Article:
“I investigate the smallest particles and the forces they interact with. To do this I work with physicists around the world on experiments that detect what happens when you collide particles together at very high energies.”
Emmanuel is logical as he programs hundreds of computers to help him identify particles that are produced in accelerator collisions. He needs to be self- motivated because these experiments create so much data which needs looking through carefully. Emmanuel looks through the data creatively hoping to find missing particles that can explain how massive the Universe is.
“My main ambition is to detect particles that could explain Dark Matter which we believe form the majority of particles out there in space.”
Always learning new things
Emmanuel is always learning physics through his job. He also gets to teach physics and write research papers which he enjoys a lot. Other tasks involve spending time computer programming and working on detector development which he finds very interesting.
“I really love how varied and stimulating my job is.”
In his spare time, Emmanuel loves to explore his beautiful surroundings by hiking or cycling. He also loves to go skiing, something that he found he really enjoyed whilst working in Geneva.
creative, logical, self-motivated
A-Levels, Chemistry, Mathematics, PhD, Physics, Physics, Research
Case Study: Mika Shearwood
Mika is a Software Engineering Apprentice with the STFC.
Route into software engineering apprentice.
Mika studied maths, further maths and physics at A Level and they knew that university wasn’t the right pathway for them. Mika decided to take a gap year to gain work experience and save money to prepare for the future. During their gap year, they have applied to lots of apprenticeships before being successful at securing a STFC placement.
“I knew for a long time that I wanted to be an apprentice instead of going to university, so I spent a gap year getting work experience “
The many roles of software engineers
Every day is different for a software engineer. Sometimes they are writing code, talking to databases, fixing websites and more. These are the types of task that Mika does during their apprentice: learning bits of everything. Mika also gets opportunities to deliver talks to the public about coding or being an apprentice:
“I do lots of things, work with lots of lovely people, and there’s always lots of talks, events and news to join in on. With all the stuff going on the word I’d use is ‘exciting’. It creates so many opportunities for me to take if I want to! “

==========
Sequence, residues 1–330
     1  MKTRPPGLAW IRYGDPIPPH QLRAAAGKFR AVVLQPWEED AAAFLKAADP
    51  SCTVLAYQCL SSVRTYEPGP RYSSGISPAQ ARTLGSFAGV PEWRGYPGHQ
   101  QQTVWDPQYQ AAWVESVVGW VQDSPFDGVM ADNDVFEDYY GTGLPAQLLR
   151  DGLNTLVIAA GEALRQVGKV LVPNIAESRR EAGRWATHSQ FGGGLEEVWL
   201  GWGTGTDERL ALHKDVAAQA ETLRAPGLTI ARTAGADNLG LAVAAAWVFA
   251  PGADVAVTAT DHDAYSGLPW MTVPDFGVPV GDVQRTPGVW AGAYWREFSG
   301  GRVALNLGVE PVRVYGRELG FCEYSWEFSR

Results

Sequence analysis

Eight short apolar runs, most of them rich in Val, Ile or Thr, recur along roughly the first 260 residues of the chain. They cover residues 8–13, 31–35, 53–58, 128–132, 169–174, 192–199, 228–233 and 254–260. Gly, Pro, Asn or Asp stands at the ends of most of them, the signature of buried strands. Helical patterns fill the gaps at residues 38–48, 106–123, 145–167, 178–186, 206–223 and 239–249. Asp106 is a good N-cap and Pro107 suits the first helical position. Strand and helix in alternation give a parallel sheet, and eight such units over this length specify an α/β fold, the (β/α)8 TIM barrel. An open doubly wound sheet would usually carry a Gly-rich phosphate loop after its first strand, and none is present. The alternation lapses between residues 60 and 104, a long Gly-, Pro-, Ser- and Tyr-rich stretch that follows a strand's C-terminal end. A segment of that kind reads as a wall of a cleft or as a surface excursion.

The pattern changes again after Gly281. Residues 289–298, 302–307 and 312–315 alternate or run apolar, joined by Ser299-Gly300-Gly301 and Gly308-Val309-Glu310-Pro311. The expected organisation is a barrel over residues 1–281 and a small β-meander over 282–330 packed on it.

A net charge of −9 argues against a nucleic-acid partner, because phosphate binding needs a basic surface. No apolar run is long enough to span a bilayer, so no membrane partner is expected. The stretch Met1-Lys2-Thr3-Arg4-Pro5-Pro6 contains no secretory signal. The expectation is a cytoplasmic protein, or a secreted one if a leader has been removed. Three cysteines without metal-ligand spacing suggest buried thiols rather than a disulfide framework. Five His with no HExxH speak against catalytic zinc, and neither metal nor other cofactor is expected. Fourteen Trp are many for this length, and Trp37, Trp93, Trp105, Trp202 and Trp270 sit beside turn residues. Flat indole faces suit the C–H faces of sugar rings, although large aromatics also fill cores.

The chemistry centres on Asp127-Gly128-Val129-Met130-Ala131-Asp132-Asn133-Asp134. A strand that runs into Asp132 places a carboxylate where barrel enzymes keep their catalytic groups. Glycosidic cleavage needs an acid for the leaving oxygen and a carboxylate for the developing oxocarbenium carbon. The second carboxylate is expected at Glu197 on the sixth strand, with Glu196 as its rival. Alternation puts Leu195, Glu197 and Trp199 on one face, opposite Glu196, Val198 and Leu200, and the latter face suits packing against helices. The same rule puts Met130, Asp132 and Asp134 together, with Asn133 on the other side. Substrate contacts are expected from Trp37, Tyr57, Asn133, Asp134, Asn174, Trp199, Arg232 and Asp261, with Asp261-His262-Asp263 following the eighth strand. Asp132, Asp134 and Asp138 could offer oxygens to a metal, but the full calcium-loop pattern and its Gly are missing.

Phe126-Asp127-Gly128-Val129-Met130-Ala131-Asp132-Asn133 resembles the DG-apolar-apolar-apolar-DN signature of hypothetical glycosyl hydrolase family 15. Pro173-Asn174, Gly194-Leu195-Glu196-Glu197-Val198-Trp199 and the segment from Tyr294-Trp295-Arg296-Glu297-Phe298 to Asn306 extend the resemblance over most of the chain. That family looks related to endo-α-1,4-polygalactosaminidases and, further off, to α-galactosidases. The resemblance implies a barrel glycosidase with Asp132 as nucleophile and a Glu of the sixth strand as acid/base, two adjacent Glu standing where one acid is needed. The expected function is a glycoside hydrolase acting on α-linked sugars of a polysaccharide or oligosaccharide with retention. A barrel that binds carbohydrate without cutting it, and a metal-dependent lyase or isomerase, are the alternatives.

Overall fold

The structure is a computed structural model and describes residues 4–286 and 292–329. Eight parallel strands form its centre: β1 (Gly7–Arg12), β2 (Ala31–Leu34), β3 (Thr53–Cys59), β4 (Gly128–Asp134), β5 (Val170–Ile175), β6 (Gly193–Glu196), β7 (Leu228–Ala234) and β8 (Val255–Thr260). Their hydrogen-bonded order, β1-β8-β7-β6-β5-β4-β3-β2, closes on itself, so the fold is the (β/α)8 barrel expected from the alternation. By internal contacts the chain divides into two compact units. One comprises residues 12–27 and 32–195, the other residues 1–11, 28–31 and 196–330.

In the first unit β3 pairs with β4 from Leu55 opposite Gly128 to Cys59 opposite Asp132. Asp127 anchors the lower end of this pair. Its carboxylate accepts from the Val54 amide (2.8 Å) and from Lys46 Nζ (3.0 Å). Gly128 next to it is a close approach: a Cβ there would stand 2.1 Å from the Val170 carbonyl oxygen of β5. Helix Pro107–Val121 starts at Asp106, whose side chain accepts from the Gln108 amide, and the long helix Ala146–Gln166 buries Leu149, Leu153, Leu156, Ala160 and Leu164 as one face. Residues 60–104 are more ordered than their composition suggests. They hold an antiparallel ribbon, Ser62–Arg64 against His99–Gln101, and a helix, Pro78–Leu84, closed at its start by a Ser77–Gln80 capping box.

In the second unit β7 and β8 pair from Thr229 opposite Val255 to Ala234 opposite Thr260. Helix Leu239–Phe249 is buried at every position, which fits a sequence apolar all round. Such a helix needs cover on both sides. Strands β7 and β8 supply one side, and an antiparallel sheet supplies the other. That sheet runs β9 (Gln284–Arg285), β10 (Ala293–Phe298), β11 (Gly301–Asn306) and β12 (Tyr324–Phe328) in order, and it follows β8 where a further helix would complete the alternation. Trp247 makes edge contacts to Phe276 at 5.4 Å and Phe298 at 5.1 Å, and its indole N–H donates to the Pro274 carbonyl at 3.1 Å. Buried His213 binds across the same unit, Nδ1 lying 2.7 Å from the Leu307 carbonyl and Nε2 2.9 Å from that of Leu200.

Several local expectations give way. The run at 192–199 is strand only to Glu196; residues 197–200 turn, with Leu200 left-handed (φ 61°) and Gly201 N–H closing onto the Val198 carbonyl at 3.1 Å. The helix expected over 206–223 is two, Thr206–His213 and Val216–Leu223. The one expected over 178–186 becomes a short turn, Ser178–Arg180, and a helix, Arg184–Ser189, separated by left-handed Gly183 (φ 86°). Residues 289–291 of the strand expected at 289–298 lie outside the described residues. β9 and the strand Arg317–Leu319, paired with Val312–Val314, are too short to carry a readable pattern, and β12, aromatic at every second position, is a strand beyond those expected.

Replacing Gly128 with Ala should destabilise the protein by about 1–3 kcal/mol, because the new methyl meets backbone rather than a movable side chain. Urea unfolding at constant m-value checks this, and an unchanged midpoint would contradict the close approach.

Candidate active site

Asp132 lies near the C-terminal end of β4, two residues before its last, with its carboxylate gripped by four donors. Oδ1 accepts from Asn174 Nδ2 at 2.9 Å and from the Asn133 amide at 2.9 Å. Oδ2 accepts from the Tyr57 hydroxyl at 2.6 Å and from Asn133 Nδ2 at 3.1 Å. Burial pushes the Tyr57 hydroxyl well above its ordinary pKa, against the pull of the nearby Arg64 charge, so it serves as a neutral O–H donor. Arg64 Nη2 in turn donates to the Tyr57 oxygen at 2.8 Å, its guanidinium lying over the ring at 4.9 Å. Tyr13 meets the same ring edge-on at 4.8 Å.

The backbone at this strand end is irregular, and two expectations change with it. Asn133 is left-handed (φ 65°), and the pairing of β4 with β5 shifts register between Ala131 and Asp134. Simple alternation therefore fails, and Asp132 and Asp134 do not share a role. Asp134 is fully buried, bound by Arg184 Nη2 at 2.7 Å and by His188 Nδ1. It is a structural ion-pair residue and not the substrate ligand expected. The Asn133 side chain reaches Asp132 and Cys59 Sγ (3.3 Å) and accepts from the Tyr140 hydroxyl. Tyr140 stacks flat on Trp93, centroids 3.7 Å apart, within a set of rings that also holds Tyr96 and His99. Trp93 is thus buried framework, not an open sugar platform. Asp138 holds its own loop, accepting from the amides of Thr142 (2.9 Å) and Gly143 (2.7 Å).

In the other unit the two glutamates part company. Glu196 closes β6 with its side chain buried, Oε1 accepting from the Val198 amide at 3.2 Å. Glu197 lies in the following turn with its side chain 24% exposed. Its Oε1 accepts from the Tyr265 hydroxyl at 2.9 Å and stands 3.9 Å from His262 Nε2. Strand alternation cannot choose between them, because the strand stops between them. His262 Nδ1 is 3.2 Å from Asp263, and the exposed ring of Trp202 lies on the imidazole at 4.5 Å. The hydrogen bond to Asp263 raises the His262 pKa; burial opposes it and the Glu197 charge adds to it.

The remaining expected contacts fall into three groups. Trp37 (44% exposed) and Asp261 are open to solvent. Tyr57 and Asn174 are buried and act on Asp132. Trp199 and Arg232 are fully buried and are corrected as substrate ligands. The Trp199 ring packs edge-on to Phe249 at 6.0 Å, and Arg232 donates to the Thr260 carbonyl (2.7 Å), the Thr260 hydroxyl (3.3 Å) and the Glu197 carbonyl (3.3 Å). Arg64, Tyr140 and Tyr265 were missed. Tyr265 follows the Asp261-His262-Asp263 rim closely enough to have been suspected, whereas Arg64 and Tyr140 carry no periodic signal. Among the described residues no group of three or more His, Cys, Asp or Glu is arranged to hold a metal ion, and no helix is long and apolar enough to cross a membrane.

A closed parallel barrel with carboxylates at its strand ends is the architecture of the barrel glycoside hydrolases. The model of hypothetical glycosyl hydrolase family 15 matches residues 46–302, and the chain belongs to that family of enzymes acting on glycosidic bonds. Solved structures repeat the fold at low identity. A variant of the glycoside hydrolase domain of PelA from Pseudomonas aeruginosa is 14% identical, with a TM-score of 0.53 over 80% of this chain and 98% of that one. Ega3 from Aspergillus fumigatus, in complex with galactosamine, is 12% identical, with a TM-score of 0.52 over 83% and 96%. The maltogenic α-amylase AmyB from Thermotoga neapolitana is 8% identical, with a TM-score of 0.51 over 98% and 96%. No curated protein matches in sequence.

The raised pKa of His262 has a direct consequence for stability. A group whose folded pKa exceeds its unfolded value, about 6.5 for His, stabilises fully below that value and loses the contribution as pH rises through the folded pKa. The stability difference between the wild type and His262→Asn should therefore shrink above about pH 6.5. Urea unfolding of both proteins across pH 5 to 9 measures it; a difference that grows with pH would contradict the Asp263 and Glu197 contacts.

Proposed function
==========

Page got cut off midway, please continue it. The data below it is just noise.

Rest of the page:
Creativity is important
Mika believes that creativity is an important skill for their apprenticeship:
“I am a creative person and I am able to apply this in a lot of ways to my work: designing websites and software for others to use, and my personal favourite of writing and hosting a virtual Python workshop for work experience students”
A passion for media
Mika takes their creativity beyond work and into a lot of hobbies: music and video-making are two of Mika’s favourite hobbies and they can be mixed together for musical theatre which Mika loves to be involved with!
On top of all of these hobbies, Mika still has time for friends and loves to play video games with them.
Software Engineering Apprentice
creative, organised, self-motivated
Apprenticeship, Further Mathematics, GCSEs, Mathematics, Physics
Case Study: Melinda Baptista
Melinda is currently studying for a Mathematics Degree at the Dundee University.
Melinda took maths, further maths, physics and chemistry for her A-levels and she had great support from her teachers and family to explore maths and physics:
“I had a female Physics teacher, which I thought was really cool”
Looking back at her own education she mentions that ” I think science taught me to be more inquisitive […] a lot of people thinks that maths is about finding an answer, but it’s not. It’s about how do you find the answer, and how you can then use that answer in other scenarios.”
Women in Science Society
Her own experience of being the only girl in her Physics class at secondary school led Melinda to join forces with others at Dundee University to co-found a Women in Science Society. She is happy to take the lead in projects, and is very proud of the society.
We started last year, and it’s nice to get lots of women in STEM together and talk about the issues we face […] We have a series running called My future self where we have women at different stages of their careers coming in and giving talks about their career progression, where they started, where do they want to be and I think it really inspires everyone to pursue their career aspirations [..] We want to start doing outreach with primary schools and secondary schools in the area to really encourage the growth of science capital.
Melinda’s advice to young people
Keep being inquisitive, keep asking questions and keep making contact everywhere you go […] always writes people’s emails down and try to find out ways to further progress in STEM. […] Ask your teachers if they know of any summer schools or programmes and things [you] could get involved in.
Reading books & travelling the world
When she is not busy with her studies Melinda likes to to spend her time reading and travelling: “I recently challenged myself to read a book a week and it’s going well. I am currently reading a book called algorithms to live by which is about human decision-making and is really interesting because then you start looking how to to plan your day […] I live in Scotland which is a really beautiful country and I love travel around the Highlands […] in Europe, Berlin is my favourite city to go to every summer.”
Confidence, Leadership, Tenacity
A-Levels, Mathematics, Physics